The term is commonly applied to the fossil fuel reserves of listed energy companies that would not be usable if decarbonization targets to combat climate change are met. The Paris Agreement aims to limit global warming to 2 degrees Celsius above pre-industrial levels, and ideally below 1.50 C, by the end of this century. In order to achieve this, the world needs to become carbon neutral by 2050. This has led to nationally directed measures to phase out the use of fossil fuels and replace the internal combustion engine in vehicles.
In this arena, stranded assets are set to become a problem for any energy or utility company that has invested in fossil fuels reserves that cannot be burnt due to adherence to the Paris Agreement. Such assets would need to be written off, incurring a charge to the profit and loss account and adversely affecting the share price. However, it only becomes a problem if money was directly invested in exploration, production or storage of the asset. Coal reserves that are held mostly by governments are not an issue for investors.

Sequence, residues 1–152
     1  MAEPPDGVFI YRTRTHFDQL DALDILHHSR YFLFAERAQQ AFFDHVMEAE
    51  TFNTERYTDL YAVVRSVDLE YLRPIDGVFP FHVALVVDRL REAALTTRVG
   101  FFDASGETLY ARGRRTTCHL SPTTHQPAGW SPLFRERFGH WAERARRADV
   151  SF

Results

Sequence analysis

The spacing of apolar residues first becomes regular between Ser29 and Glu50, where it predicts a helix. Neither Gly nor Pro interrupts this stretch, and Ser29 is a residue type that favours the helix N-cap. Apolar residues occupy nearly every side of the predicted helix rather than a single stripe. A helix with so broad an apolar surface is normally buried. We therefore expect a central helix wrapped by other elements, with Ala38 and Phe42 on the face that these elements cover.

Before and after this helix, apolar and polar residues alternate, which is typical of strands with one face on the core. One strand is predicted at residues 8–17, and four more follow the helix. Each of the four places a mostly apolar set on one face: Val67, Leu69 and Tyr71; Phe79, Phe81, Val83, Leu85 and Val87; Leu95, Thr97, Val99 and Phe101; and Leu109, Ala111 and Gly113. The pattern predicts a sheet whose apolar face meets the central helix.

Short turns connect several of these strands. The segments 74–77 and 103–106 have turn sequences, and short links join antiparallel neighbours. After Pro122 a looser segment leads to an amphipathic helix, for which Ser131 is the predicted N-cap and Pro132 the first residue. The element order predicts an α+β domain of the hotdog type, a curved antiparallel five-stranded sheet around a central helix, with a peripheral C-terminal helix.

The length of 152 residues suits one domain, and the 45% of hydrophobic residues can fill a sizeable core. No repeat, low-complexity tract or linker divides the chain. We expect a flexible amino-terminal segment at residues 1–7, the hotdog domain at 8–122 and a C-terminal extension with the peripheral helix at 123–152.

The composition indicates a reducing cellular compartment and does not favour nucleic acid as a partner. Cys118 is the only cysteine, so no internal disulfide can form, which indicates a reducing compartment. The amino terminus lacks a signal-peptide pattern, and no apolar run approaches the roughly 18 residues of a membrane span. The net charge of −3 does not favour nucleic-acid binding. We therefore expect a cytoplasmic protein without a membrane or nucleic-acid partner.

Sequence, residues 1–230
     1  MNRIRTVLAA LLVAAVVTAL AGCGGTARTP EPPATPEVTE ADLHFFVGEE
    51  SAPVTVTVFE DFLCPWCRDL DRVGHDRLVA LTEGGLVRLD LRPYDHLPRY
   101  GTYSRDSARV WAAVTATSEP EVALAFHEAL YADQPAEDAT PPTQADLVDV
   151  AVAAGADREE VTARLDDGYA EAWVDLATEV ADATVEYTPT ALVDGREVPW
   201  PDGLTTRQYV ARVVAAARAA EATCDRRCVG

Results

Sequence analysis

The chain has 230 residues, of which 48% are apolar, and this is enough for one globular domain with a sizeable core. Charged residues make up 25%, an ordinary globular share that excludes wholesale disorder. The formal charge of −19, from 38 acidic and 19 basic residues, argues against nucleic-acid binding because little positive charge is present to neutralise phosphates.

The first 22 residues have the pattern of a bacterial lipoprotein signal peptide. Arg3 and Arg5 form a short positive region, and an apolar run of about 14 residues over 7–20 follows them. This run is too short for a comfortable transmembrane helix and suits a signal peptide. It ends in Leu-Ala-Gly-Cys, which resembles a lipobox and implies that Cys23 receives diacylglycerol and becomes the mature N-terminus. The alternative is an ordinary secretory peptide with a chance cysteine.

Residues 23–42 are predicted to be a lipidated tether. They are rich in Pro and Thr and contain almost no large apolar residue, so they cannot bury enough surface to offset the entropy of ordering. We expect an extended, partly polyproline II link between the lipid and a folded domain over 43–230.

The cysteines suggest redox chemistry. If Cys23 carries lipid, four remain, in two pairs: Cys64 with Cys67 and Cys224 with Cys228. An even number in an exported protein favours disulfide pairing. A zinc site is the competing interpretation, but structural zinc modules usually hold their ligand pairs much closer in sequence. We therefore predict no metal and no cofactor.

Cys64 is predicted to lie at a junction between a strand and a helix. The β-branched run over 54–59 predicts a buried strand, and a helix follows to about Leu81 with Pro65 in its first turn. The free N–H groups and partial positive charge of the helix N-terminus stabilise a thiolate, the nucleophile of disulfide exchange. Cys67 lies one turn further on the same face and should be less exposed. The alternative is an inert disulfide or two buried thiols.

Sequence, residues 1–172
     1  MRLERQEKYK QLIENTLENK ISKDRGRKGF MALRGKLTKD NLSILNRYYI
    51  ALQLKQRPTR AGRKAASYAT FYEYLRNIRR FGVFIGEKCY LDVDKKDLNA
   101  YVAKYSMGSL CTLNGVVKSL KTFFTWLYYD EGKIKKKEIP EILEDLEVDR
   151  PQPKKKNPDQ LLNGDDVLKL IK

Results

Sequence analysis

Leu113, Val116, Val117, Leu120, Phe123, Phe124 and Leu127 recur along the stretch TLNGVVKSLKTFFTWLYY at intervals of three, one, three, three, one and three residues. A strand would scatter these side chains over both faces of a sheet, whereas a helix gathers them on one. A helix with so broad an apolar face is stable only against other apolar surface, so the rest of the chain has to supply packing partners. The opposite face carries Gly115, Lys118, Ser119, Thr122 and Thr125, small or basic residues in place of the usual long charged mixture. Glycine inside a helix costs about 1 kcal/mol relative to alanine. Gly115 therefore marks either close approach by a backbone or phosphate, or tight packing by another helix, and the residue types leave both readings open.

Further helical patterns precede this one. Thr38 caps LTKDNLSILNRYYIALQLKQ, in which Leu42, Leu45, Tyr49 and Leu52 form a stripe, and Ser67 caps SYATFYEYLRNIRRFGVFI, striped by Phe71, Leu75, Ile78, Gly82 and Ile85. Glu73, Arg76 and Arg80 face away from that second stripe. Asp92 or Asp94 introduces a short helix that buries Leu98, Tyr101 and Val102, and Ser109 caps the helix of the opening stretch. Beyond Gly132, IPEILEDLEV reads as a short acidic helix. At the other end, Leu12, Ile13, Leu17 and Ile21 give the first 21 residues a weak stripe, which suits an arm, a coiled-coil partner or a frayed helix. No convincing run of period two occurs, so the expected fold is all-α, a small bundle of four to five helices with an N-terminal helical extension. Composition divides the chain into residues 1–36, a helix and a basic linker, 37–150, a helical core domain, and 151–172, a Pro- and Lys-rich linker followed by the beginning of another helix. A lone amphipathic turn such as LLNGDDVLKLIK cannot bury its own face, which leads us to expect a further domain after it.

As the climate change agenda becomes more important, investors have been pressuring oil and gas companies to move their business models more towards renewable energy. Here, engagement is seen as being key. In 2018, Robeco led a landmark engagement with Royal Dutch Shell that persuaded the oil giant – which faces significant levels of stranded oil and gas assets in future decades – to commit to short-term as well as long-term carbon reduction strategies, and link both to executive remuneration. Robeco also now excludes any oil company engaged in Arctic drilling.
Stranded assets can apply to any product that has become redundant for whatever reason. Many Boeing 747 ‘jumbo jets’ have become stranded assets for many airlines as the industry has switched to more fuel-efficient twin-engines airliners as replacements for the four-engine jumbos. The unwanted 747s cannot be sold and are often simply written off.
Digitalization is also rendering many valuable assets redundant, including ironically the makers of money itself: the coronavirus crisis has structurally lowered the demand for banknotes as more contactless transactions were made, leading to currency printing presses standing idle.